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SBButler Letters, October 1918

Oct. 6, 1918
Oct. 20, 1918
Oct. 27, 1918
Oct. 28, 1918

Letters to Eva, October 1918

12 France [St. Amand-Montrond], Oct. 6, 1918.

Dear Mother,

The week has gone by and ended without any more letters. A big batch came in to-day, which means there is some in, and to-morrow I'll be expecting some. It has been quite an eventful week in the progress of the war with Bulgaria's complete defection, the combined Allied successes on all fronts except the Italian, and to-day the big bid of the Central Powers for peace negotiations; at first sight it looks as though Austria were willing to concede everything, but the German chancellor's first announcement is no concession; and there is nothing to-day as I can see to justify expecting much from the move. It looks as though they were trying to save what they could before matters got worse, which is a perfectly natural thing to do. It shows unmistakably, however, the way things are going.

The Major and I have been out to the General's chateau this afternoon a little while. It is a magnificent and tremendously big place. The huge salon on the second floor holds the greatest amount of comfort within a single room I ever saw - huge soft sinking couches, comfort rockers, billiard table, piano, monster fireplace, and whatnot. Finely carved mantels, panels, gilded but not gaudy furniture, huge portraits and paintings, a few sets of armor mounted on little pedestals, which for all I know may have belonged to some of the old feudal ancestors of the present Marquis. We didn't half go thru it, as our call was mostly social, and probably we'll give it a more thorough probing some other time.

It looks as though the 4th Liberty Loan had beaten all others; barely started, and I read that it has been oversubscribed. America is the livest nation going, once aroused.

These mornings are getting real nice now for shaving with cold water right from the well. However, there are lots of things I would mind worse. We have been having some delicious Spanish melons the last couple of weeks; if I think of it, I'll try to save some seeds and see if they won't grow in America. Whoever thought up melons must have been just about our greatest human benefactor, anyway. Cookie asked me the other day to remember him to you, whenever I was writing. He has grown a mustache, and yesterday went into an excitable photographer's, who started to search him without warning, and when Cookie objected called him a Boche. Cookie carried the matter to the civil authorities and we received word today that if soldier Piranian would go to the photographer with his immediate commanding officer he would receive the amende honorable. So I have an interesting little party to look forward to.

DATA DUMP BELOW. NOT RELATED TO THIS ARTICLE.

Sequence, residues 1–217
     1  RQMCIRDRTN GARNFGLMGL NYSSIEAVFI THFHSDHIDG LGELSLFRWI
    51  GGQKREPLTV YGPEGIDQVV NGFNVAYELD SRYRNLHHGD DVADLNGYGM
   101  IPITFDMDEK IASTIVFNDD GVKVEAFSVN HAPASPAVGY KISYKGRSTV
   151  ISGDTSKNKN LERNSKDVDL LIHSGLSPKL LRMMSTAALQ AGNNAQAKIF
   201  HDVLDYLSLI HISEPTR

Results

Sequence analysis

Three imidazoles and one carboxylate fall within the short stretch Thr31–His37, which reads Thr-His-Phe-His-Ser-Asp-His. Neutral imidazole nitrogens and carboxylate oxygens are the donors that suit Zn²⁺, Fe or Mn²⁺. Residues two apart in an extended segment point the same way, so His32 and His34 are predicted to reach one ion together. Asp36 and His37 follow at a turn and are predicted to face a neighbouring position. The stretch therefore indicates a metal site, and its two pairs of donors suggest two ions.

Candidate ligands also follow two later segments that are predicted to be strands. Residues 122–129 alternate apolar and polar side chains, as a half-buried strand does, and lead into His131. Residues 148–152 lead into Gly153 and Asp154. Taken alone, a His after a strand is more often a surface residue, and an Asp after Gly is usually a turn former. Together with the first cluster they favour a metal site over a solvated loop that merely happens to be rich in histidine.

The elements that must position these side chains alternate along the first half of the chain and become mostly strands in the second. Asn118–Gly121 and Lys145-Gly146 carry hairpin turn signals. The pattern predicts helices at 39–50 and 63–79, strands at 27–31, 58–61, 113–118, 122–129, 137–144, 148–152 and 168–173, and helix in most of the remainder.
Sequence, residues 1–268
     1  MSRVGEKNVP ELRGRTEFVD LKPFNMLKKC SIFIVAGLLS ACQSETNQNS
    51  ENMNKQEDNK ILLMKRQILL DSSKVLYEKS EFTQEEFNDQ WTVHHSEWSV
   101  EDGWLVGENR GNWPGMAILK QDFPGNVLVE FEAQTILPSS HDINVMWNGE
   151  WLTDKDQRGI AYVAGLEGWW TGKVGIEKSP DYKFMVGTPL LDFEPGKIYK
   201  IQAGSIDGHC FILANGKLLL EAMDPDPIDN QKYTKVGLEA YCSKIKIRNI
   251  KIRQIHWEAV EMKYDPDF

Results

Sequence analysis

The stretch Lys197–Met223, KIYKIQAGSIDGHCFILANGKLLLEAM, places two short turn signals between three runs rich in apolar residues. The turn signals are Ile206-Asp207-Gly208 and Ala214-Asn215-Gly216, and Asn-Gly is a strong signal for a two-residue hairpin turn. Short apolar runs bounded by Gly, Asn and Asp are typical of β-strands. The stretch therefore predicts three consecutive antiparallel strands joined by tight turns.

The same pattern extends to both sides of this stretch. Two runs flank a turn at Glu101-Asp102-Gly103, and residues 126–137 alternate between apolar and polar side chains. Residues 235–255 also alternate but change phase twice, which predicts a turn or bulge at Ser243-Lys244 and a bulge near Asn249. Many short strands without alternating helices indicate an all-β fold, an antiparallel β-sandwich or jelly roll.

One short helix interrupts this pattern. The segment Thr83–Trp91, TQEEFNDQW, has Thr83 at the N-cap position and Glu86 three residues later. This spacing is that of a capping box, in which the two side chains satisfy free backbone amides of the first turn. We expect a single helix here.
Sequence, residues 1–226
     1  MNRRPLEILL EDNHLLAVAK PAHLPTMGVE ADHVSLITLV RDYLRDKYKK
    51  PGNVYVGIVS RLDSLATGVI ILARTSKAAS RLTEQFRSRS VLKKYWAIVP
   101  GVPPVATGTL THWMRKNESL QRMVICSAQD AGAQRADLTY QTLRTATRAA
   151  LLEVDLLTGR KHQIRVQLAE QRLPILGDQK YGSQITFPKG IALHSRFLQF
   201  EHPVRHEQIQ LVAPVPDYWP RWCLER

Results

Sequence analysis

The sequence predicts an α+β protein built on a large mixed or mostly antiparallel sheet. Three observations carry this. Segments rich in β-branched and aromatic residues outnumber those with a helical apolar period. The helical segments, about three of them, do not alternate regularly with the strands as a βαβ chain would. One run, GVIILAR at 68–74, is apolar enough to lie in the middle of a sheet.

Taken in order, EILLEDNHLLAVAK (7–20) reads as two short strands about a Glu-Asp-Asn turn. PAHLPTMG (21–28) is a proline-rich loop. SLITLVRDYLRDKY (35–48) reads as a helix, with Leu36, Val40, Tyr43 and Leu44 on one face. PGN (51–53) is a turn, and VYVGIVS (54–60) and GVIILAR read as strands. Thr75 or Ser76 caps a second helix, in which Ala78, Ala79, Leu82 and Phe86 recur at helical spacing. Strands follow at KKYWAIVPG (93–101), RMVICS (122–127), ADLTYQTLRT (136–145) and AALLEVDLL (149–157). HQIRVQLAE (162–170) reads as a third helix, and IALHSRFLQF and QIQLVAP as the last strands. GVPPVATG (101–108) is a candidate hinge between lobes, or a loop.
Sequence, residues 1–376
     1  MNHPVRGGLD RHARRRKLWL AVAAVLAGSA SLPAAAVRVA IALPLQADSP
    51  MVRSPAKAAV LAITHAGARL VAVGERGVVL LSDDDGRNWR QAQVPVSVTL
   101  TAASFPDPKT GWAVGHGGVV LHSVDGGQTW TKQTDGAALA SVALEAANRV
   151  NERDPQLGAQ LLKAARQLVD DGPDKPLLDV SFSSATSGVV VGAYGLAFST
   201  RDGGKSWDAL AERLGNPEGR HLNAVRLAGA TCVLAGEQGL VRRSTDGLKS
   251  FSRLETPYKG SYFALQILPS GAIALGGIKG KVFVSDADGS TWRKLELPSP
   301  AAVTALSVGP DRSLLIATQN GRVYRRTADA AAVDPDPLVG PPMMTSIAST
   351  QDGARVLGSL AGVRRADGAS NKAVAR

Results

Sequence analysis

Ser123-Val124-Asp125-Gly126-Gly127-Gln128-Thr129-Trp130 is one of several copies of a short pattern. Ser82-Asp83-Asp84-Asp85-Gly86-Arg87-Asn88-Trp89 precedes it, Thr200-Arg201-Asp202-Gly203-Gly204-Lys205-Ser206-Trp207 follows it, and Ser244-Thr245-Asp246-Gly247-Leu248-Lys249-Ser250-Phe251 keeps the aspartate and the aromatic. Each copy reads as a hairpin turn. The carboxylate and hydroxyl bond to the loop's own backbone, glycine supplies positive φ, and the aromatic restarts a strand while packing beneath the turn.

Best of love to all.

Capt. S. B. Butler
301st Supply Train
American Expeditionary Forces.

13 France, Oct. 20, 1918.

Dear Mother,

Yesterday your letter of Sept 30th came, followed to-day by that of Sept.23rd. I have had a couple of letters from Ralph during the week, & one each from Lucinthia & Aunt Sarah and Raymond. It was surely good to hear from Ralph that he had gotten his commission. It's too bad he couldn't have gotten leave to come up home. His letter to-day about his first night as officer of the guard was very amusing. It's been so long since I had anything to do with guard duty or any military formations, for that matter, that it's hard to realize I'm soldiering, particularly at my distance from the front and all the wonderful things which are happening with such startling rapidity these days.

I have a new home which I've lived in for just a week, which consists of two wall tents joined together. We are all living in tents now, fixed up in a row in the far corner of our new motor park. You should see how nice and cosily we are fixed up, the Major and I, in here. It beats being billeted forty ways, with all due account taken of canopied feather beds. It is walled up on the inside with slabs, all around; sides and floor then first covered with paper of the under-carpet style; the floor carpeted; two ample shelves in back on each side, two tiers of little corner shelves on either side in front; the rear tent for sleeping, with our respective cots on each side & a rack above for hanging clothes; the front tent a living room with a table, two chairs & two washstands, and a wood burning cylindrical stove, and a few accessory movable comforts. The two washstands, the table, and my bed - and all the work of boarding and so on were done by 3 or 4 men of the Train. A special carpenter did the furniture pieces and they are works of art, really. Our trucks are parked in this same field now, we have a home made repair shop, fixed up with some machinery, and a new home made headquarters building, which, even to the floor, was made from slab lumber. Our men are in tents across the road, about 400 yds. or so, but we hope to have barracks for them within a reasonable time. Two are up already in another part of the field. So you see we are pretty much together.